Another risk threatening to derail the recovery in passenger traffic is the state of the global economy.
Elevated interest rates for a longer period of time would increase the possibility of slower global growth – or worse, a recession – which will in turn hurt travel demand, said Mr Jaiswal.
The dark cloud over global growth also poses a threat for SIA’s cargo business, which is already seeing signs of a slowdown.
The airline, in its earnings report, said performance for its cargo segment moderated in the third quarter due to softening demand and an increase in bellyhold capacity. Yields were weaker on a quarter-on-quarter basis, although they remained elevated compared to pre-pandemic levels.
CGS-CIMB analyst Raymond Yap said the cargo business will “weaken at a faster rate” going forward.
This is due to factors such as a slowdown in demand for consumer goods amid rising inflation and the decongestion in shipping routes that has seen container freight rates falling back to pre-pandemic levels, he added.
Then, there is the risk of higher oil prices.
SIA has only hedged 40 per cent of its fuel requirements at an average Brent strike price of US$60 per barrel up to June this year, said Mr Yap, adding that the expiry of these fuel hedges is a downside risk.
Echoing a similar sentiment, Mr James Ooi, a market strategist at uSMART Securities, said: “Crude oil may surpass US$100 later this year, which could add further pressure on the airline’s expenditure.”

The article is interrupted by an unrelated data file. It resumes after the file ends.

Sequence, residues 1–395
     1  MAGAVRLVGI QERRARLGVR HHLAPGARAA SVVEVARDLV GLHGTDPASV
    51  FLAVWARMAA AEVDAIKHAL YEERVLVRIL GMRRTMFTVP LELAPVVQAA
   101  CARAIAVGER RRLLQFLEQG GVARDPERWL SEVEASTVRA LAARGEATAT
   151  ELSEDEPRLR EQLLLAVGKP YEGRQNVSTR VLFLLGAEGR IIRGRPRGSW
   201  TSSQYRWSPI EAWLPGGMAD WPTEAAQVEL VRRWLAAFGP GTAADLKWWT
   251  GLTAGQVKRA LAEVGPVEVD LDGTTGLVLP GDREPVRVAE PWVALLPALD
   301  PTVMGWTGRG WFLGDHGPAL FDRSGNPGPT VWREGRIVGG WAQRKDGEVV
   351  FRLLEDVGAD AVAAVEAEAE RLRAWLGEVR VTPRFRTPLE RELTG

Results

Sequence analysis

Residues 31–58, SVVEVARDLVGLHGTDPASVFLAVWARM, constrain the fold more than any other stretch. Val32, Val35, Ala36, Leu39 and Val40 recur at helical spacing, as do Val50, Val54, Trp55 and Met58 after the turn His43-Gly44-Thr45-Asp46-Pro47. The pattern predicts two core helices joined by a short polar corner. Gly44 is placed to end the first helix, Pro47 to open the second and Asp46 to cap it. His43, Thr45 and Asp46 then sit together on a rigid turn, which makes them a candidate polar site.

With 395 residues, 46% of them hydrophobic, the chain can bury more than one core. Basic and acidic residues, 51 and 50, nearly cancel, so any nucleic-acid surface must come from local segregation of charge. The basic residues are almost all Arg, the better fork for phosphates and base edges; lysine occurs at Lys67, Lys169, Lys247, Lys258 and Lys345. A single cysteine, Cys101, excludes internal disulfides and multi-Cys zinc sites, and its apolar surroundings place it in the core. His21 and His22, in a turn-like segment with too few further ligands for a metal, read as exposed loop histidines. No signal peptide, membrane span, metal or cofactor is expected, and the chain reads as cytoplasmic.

Describing SIA’s quarterly net profit as having “likely (passed) the peak”, Mr Yap expects the airline’s fourth-quarter net profit to dip to S$586 million.
“Still very robust, albeit below the near all-time peak of S$628 million in the third quarter,” he wrote in a note.
Mr Ooi is more optimistic and expects another record quarterly profit for SIA in the fourth quarter.
The prospects of further recovery in air travel “remain promising” for now, he said, citing the reopening of China and increasing international visitor arrivals into Singapore.
Latest figures showed the country welcoming 931,530 international travellers in January – a new record since the onset of the COVID-19 pandemic.
Still, that is way below the 1.5 million average in visitor numbers of 2019, indicating further room for growth, said Mr Ooi.